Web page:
Peru’s climate is as varied as other countries’ based on the specific geography and region, from the tropical coastlines to frigid mountain ranges. The climate of Peru will vary like any other country, based on the many different geographical features you’ll find there. Here’s a brief overview of each of Peru’s breathtaking regions and how the climate differs between them, which can help you get started planning a Tour of Peru.
The Peruvian Coast
Peru’s Pacific coastline stretches for 1,500 miles along the western edge of the country. Desert landscapes are very common in this lowland region.
The cool currents of the Pacific Ocean keep temperatures lower than would be expected. It has a coastal fog, called garúa, that often covers the Peruvian capital, providing some much-needed moisture while further dulling the smoggy skies above Lima most of the time.
The coastal deserts continue south through Nazca and on to the Chilean border. The southern city of Arequipa lies between the coast and the foothills of the Andes. Here, deep canyons cut through the rugged landscape, while towering volcanoes rise up from the lowland plains.
Along the north coast you will find the cities like Tumbes, Piura, Chiclayo and Trujillo. Here you will see dry deserts and coastal fog give way to a greener region of tropical savanna, mangrove swamps, and dry forests. The north is also home to some of the country’s most popular beaches, There is also a famous town called Mancora. On the north you will get white sand and warm beaches.
The Peruvian Highlands
The Andes mountain range in Peru is the main factor of climate changes. The Andes mountain range separates the western and eastern flanks from our country, which produce colder temperatures and frost.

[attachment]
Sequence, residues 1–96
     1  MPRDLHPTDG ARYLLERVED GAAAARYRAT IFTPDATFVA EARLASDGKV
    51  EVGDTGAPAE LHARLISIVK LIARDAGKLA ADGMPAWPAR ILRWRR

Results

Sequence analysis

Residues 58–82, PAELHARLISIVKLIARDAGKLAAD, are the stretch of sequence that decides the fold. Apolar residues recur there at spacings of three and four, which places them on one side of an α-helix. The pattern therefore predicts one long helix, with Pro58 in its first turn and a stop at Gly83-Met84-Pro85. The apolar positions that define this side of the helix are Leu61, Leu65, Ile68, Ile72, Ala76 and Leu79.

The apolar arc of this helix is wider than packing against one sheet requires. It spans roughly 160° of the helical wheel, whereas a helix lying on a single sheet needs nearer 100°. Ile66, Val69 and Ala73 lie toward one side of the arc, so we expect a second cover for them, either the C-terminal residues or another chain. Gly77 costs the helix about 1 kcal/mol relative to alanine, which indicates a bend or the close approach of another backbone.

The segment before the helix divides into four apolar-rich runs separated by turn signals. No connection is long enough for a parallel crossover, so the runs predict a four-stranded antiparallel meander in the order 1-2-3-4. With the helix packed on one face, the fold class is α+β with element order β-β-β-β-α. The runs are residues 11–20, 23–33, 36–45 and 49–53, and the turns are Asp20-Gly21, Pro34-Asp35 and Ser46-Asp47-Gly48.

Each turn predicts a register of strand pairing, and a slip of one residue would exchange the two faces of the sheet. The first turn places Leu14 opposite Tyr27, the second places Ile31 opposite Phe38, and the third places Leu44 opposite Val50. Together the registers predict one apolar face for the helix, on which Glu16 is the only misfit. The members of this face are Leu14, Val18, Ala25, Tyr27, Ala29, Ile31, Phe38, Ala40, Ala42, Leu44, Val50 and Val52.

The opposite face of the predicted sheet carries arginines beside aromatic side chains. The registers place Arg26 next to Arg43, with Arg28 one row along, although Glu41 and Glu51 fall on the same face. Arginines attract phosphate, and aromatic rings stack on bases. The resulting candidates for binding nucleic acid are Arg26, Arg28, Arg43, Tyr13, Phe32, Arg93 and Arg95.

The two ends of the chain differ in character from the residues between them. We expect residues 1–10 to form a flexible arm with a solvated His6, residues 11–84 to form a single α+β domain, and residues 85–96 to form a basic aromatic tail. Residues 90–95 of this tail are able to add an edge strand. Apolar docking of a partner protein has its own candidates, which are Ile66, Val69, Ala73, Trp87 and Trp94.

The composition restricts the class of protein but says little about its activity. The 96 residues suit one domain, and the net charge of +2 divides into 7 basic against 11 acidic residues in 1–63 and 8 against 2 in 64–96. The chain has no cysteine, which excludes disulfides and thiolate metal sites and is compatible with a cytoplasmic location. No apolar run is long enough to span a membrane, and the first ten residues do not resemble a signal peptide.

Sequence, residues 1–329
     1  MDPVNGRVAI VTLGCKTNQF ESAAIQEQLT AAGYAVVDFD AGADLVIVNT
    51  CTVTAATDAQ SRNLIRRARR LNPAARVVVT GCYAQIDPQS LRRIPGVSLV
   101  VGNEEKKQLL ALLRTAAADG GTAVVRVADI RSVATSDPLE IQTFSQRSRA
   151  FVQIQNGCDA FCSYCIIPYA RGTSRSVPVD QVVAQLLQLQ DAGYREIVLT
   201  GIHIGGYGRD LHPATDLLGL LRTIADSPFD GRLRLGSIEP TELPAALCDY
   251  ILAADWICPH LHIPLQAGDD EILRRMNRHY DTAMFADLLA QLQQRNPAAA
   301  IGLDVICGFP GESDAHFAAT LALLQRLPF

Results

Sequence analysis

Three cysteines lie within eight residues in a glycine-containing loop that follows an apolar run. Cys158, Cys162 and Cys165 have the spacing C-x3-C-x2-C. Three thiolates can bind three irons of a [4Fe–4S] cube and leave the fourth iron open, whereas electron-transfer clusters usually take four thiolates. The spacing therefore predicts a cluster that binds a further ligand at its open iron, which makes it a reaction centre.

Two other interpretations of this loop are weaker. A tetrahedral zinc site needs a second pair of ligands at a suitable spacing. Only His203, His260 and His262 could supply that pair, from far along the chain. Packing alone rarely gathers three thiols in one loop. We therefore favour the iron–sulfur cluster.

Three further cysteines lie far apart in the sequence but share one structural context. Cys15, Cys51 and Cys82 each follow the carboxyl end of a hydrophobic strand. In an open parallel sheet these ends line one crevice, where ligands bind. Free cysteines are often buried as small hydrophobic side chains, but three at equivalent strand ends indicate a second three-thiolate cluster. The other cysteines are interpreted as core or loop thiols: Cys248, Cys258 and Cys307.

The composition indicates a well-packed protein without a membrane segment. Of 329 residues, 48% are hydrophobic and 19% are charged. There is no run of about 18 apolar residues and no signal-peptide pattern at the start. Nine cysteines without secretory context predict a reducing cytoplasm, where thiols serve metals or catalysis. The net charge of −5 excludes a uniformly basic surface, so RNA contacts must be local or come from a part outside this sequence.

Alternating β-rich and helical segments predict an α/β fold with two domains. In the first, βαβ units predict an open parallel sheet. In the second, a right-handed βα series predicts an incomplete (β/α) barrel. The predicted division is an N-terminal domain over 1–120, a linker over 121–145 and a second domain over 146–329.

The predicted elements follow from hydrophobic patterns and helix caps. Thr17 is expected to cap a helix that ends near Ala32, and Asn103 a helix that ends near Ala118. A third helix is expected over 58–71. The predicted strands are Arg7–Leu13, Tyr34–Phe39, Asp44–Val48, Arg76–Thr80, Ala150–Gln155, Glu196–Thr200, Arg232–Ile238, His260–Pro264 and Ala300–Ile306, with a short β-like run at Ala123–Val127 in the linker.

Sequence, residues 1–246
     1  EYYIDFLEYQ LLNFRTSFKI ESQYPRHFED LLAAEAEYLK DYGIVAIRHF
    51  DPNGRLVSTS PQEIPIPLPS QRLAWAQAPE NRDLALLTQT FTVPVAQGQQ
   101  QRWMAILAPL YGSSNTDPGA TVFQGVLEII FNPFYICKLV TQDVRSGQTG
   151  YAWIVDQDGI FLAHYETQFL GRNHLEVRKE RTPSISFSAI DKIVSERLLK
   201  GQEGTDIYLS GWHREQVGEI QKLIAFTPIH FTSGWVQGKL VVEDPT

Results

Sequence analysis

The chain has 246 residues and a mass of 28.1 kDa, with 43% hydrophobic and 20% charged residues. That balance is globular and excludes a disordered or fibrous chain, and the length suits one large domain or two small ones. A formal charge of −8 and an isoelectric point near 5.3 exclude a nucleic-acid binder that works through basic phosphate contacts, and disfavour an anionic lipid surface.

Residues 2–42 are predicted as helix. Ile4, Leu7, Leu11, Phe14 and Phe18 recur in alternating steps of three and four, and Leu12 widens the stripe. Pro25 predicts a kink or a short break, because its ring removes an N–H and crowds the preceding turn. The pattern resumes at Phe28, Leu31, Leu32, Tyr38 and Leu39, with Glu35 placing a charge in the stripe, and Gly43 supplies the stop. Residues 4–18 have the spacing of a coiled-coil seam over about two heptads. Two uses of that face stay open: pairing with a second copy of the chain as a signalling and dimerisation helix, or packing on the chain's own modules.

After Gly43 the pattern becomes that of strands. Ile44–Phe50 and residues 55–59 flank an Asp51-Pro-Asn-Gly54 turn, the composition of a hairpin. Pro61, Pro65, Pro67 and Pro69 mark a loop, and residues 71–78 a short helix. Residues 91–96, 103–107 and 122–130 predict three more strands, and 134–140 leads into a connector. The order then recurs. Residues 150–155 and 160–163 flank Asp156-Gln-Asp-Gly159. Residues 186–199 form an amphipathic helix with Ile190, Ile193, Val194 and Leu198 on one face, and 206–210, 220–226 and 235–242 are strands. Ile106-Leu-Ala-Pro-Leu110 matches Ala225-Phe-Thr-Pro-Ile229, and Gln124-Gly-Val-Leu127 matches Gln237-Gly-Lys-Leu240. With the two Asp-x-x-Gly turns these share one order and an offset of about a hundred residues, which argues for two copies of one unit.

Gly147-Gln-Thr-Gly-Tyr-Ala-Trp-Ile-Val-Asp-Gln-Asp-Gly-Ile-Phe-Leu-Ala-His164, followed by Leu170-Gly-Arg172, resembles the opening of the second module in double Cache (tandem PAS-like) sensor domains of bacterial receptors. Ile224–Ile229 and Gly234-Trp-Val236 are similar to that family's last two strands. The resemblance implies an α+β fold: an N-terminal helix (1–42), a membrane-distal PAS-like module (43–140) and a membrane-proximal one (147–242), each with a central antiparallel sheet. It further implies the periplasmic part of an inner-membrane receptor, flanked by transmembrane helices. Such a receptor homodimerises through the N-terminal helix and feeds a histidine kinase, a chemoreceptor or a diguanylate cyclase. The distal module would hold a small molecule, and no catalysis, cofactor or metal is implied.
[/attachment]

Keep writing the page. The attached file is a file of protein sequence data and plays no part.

On the Andes we find the altiplano or high plains region located at the south of Peru, extending to Bolivia, north of Chile and Argentina. This region is whipped by the icy winds and home of meadows extensions, volcanoes, and lakes. For example, in this region you will find Puno with the famous Titicaca lake, which extends to Bolivia, is typically icy.
The Peruvian Jungle
This is a region that is located in the Amazon Basin, a transition zone between the eastern foothills from Andean highlands and the low jungle.
This region of foggy forest and highland jungle is known as the Ceja de Selva (eyebrow of the jungle) in this region as example we found famous cities like Tarapoto, tingo Maria.
The weather in this region is relatively hot and humid throughout the year. The normal high temperature during the day is 31 degrees Celsius and the lowest at the night is 17 degrees celsius (62 Fahrenheit) and the humidity would between 80 and 90 percent.
The Selva Alta are dense and relatively flat lowland jungles of the Amazon Basin. We can observe here that the rivers replace the roads because its seems the roads are the public’s buses. You’ll also find boats that navigate the long and wide affluents of the Amazonas river, arriving at the main river, El Amazonas. In this area you’ll find the famous city of Iquitos to the northeast of Peru, which is one of the hotter regions.
According to studies, the Peruvian jungle covers approximately the 63 percent of national territory but only contains eleven percent of the country’s population with the exception of large cities such as Puerto Maldonado, Iquitos, and Pucallpa. Generally the settlements are small and isolated. The majority of jungle settlements are located in the shore of a river or on the shore of a lake.
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